The Common Oral Health Mistake That Dentists See All The Time

What do Zac Efron and Vanessa Hudgeons have in common with a microbiome? They both are famous for being "all in this together," *overhead clap*. If you're sitting there thinking you've aged out of "High School Musical" references, it's okay ... so have we, and we're sorry about it.

The National Human Genome Research Institute defines a microbiome as a collection of microorganisms (think: fungi, bacteria, viruses, etc.) that are specific to a particular environment. Microbiomes are like a community or ecosystem of sorts: a collection of symbiotic creatures that work better together than alone (University of California, Berkeley). And you and your body are the oh-so-gracious hosts to several very important ones.

In recent years, the gut microbiome has become the talk of the town. The European Society of Gastroenterology and Motility asserts that our gut health is linked to the health of major organs, such as skin, brain, and heart. But we are home to another hugely important microbiome, and we (probably along with your dentist) think it's time it stops getting the Jan Brady treatment. Let's talk about your oral microbiome.

What's the deal with the oral microbiome?

A 2019 study published in Food Science and Human Wellness describes the oral microbiome as the second largest in the body after the gut and home to over 700 different kinds of bacteria that dwell in the tiny habitats made up of the tongue, teeth, gums, buccal mucosa, tonsils, throat, and palette. As with the gut, oral bacteria are there working for you — protecting your teeth from acid, maintaining your mouth's pH balance, and warding off bad bacteria. But it's a delicate balance, and when things go wrong, more than just your pretty smile and fresh breath are at risk.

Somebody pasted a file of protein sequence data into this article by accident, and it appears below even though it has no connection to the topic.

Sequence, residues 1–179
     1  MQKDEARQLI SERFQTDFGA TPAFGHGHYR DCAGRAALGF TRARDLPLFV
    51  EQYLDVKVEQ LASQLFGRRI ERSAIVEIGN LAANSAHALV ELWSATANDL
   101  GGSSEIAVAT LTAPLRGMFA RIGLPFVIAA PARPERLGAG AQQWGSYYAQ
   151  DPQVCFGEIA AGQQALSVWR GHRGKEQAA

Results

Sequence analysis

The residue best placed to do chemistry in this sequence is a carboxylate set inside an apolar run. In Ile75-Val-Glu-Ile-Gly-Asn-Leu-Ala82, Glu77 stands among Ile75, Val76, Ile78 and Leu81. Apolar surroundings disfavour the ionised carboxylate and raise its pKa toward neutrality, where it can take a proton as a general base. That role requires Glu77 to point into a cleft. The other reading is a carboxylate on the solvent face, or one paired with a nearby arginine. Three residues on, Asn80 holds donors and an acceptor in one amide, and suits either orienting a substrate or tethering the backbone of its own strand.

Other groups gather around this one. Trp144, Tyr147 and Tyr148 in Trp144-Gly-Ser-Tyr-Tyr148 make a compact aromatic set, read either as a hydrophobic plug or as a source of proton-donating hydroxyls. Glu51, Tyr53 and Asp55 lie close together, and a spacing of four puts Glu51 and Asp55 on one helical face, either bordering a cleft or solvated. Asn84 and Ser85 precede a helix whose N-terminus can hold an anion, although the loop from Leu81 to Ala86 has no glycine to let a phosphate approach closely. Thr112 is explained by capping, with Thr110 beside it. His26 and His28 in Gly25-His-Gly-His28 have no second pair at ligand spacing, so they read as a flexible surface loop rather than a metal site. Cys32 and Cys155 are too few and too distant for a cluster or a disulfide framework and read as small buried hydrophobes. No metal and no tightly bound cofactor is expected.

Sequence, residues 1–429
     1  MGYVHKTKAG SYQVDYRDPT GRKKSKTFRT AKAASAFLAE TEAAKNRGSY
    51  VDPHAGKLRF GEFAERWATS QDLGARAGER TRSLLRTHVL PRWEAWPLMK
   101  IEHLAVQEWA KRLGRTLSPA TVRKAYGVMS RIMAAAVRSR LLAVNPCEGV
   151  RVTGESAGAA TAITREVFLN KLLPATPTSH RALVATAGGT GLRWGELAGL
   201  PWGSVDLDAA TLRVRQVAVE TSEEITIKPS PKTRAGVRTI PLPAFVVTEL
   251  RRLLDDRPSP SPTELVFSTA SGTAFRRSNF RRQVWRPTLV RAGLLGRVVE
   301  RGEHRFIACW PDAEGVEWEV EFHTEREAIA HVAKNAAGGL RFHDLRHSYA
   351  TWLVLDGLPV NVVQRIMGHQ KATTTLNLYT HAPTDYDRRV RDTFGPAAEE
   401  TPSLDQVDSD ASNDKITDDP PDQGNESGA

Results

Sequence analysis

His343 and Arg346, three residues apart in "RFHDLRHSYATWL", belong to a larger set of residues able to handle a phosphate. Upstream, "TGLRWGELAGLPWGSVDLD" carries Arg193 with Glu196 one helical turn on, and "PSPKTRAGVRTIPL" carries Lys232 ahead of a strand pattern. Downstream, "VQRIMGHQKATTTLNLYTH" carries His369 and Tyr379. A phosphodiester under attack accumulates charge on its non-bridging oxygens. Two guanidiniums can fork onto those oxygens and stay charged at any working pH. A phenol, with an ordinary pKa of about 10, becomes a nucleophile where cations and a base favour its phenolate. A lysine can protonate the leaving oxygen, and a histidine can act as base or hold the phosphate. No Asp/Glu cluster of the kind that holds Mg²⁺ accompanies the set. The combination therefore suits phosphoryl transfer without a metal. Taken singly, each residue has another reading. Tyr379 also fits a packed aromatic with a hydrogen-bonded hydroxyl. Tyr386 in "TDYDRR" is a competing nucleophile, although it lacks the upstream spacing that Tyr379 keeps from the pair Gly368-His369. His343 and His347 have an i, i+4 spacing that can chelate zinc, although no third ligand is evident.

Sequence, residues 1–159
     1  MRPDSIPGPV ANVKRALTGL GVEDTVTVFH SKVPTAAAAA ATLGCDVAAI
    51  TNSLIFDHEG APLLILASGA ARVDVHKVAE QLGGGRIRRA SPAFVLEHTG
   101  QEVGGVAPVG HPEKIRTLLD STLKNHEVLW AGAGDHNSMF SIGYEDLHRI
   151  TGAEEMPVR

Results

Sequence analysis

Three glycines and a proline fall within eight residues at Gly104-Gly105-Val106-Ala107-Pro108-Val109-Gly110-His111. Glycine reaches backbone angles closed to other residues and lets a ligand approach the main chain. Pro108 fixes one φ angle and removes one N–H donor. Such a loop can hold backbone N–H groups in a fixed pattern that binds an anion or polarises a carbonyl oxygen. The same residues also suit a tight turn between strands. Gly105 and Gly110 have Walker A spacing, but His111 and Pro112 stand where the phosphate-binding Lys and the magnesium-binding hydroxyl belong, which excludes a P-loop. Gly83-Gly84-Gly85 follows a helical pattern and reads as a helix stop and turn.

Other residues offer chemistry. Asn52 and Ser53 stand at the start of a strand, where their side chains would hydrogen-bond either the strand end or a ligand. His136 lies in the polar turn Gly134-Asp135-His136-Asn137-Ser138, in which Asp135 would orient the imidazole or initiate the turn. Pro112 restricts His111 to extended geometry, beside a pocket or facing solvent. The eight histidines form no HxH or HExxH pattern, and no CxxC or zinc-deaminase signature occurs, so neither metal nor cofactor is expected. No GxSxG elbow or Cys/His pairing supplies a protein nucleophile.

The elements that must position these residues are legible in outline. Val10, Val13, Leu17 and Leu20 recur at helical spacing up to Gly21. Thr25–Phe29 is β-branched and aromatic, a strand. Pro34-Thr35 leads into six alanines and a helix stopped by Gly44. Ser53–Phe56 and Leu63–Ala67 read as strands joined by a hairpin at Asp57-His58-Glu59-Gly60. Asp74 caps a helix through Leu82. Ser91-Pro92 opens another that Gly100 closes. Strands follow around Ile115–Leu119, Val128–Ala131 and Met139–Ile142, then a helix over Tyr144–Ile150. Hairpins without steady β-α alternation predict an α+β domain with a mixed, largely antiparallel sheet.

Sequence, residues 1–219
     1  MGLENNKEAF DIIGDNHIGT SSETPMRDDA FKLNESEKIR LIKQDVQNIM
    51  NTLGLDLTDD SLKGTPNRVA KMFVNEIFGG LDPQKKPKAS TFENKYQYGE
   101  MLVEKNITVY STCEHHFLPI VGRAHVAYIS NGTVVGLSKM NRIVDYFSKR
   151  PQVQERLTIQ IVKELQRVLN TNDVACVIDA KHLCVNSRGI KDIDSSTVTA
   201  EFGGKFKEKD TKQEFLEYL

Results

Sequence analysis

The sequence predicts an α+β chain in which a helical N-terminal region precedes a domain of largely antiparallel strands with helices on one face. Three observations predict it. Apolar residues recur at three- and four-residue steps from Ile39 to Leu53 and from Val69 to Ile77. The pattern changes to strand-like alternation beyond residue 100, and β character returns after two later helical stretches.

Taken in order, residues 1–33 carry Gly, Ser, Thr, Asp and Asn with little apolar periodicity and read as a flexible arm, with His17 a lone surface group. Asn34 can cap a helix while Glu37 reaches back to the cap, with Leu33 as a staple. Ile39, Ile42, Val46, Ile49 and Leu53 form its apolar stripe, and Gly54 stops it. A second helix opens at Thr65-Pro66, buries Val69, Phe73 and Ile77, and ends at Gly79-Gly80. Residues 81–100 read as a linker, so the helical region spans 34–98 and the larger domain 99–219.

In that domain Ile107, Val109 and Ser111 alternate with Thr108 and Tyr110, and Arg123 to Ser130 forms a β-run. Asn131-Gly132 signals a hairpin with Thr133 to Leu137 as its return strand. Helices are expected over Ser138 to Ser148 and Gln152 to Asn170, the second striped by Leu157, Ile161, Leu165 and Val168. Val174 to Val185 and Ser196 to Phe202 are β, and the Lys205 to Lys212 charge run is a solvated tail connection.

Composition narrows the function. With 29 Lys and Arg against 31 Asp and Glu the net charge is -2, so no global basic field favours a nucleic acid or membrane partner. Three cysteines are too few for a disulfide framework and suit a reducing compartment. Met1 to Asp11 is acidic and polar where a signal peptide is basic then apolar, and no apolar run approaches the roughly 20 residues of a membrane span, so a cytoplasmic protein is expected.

The American Society for Microbiology describes the oral cavity as the gateway to the rest of our bodies and the beginning of our digestive tract. Food, of course, enters through the mouth and then slides down the esophagus, into the stomach, and through the intestines. Oxygen is pulled in through our nose and mouth and sent to the lungs. Foreign bodies are entering through the oral cavity all day long. When they disrupt the oral cavity directly, it can cause oral diseases like tooth decay, gum disease, and tonsillitis. But there is now evidence that links upset in the oral cavity to systemic ailments such as heart disease, stroke, preterm birth, diabetes, and pneumonia.

How to keep your oral microbiome in tip-top shape

Dentists often see disease as the result of oral cavity neglect, but there are steps you can take to ensure your mouth — and your whole body — is a happy ecosystem. According to MindBodyGreen, flossing is the most important thing you can do to have a healthy mouth. Every night, before brushing your teeth, get in the habit of flossing first. If you see some bleeding, that's a pretty good indicator that your gum health is not where it should be. Keep up with daily flossing and watch as your gum health and breath begin to improve. Speaking of breath, dentists also suggest limiting the amount of mouthwash or essential oils you introduce into your nightly repertoire, as the alcohol in them can kill healthy bacteria that your body needs. 

Instead of giving good bacteria the boot, you might try nourishing it with oil pulling. Originating thousands of years ago from Ayurveda, an ancient Pacific Indian science, oil pulling is very simply the act of swishing oil (usually sesame or coconut or olive oil) around your mouth for up to five minutes (though 15 minutes is ideal) before spitting it out (via Kerala Ayurveda). Oil pulling detoxifies the mouth and the whole body by stimulating salivary enzymes that absorb an array of chemical, bacterial, and environmental toxins, per a 2017 review published in the Journal of Traditional and Complementary Medicine.